Despite rampant police brutally, unforgiving weather conditions and the uncertainty of whether they will seek asylum or not, the refugees I met were filled with joy and laughter.

I spoke to a group of young Ethiopian males, who were cracking jokes and dancing to the music we played from the radio of the distribution van. One told me that when he gets out of France, he would love to meet Wayne Rooney. “One day I can take a picture with Wayne Rooney at my birthday party” he cheerily said, as he pretended to take a selfie.

Despite meeting individuals who displayed a positive demeanour, the harrowing situation that they face was obvious. It was a stark reminder that when we’re moaning about our first world problems, we should be mindful of those who are in far worse conditions.

 

My experience with Refugee Community Kitchen was uplifting, and I will certainly volunteer with them again.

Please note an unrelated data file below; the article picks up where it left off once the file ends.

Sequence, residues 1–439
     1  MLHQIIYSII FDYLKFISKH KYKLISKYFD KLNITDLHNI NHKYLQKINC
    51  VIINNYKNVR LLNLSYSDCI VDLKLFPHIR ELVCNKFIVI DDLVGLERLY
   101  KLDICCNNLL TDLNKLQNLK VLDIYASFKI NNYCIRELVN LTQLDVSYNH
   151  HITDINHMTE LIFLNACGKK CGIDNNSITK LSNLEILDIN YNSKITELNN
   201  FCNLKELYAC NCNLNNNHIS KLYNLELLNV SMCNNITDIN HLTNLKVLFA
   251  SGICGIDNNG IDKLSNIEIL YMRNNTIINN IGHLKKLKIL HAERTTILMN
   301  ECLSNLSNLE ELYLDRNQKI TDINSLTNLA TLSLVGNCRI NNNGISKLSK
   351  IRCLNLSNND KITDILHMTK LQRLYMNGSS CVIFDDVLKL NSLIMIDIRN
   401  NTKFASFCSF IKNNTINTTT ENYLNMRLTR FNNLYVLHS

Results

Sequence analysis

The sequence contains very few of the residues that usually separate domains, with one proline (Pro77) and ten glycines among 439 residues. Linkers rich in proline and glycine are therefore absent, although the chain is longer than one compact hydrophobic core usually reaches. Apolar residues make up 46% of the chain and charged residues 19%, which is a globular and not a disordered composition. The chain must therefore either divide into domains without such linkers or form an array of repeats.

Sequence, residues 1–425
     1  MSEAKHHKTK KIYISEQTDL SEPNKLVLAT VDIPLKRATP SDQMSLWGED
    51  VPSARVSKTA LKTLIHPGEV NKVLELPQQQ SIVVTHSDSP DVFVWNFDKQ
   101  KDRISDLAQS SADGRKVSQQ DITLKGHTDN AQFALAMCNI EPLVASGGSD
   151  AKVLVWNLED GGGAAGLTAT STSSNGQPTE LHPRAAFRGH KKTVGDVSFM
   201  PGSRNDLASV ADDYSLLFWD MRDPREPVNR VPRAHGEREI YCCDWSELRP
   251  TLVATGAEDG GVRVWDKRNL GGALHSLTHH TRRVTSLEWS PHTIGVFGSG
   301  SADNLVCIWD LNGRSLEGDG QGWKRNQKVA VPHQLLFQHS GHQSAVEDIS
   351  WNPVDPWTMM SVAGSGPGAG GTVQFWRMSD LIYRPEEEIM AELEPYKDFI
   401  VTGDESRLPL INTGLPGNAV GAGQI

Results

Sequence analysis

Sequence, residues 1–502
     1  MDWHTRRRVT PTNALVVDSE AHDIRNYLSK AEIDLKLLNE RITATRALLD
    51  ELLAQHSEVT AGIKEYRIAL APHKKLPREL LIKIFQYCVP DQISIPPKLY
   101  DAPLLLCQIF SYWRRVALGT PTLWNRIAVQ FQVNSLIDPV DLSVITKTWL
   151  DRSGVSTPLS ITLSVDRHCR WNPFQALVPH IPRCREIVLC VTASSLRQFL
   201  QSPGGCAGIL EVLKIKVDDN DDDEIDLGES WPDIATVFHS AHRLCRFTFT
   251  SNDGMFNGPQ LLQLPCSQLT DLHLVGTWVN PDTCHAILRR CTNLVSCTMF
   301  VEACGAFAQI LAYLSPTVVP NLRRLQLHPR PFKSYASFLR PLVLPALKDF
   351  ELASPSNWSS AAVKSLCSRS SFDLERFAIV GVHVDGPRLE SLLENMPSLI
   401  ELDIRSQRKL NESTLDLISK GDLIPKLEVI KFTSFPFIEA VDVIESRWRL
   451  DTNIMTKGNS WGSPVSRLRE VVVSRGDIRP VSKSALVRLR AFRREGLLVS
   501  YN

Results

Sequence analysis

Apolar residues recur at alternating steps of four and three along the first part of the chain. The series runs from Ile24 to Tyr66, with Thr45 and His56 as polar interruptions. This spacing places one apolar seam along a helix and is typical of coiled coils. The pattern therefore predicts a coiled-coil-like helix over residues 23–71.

I met countless amounts of interesting and welcoming volunteers from different countries and walks of life.

It doesn’t matter if you are volunteering for a day, week, month or more, your help is greatly appreciated. If you’re thinking about volunteering with RCK – just go for it! There is no time like the present – the refugee crisis is a very real issue and happening NOW.

However, if you can’t volunteer for whatever circumstances, I urge you to donate instead. Visit RCK’s website to find out their latest needs, and how to donate.”

Still Feeding the Need: Supporting the refugees in Calais from Mark McEvoy on Vimeo.

Help Refugees has supported RCK since they began cooking in Calais almost two years ago. Since then, the wonderful team has cooked every single day – and served an epic 1.5 million meals!

To help us continue to support refugees in Northern France – with everything from food to bedding – please donate here. Winter is coming, and we need your help more than ever. Thank you.